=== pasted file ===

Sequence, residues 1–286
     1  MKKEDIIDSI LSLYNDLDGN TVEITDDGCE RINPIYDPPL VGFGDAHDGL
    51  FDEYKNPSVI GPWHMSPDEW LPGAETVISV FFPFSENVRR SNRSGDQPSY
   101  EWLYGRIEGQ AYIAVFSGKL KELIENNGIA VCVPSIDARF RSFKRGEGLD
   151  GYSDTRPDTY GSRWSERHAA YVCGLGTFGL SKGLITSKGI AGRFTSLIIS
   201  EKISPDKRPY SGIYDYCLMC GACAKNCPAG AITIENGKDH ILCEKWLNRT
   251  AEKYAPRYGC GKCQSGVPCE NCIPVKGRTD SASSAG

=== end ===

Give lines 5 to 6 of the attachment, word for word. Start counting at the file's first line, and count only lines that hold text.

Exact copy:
   151  GYSDTRPDTY GSRWSERHAA YVCGLGTFGL SKGLITSKGI AGRFTSLIIS
   201  EKISPDKRPY SGIYDYCLMC GACAKNCPAG AITIENGKDH ILCEKWLNRT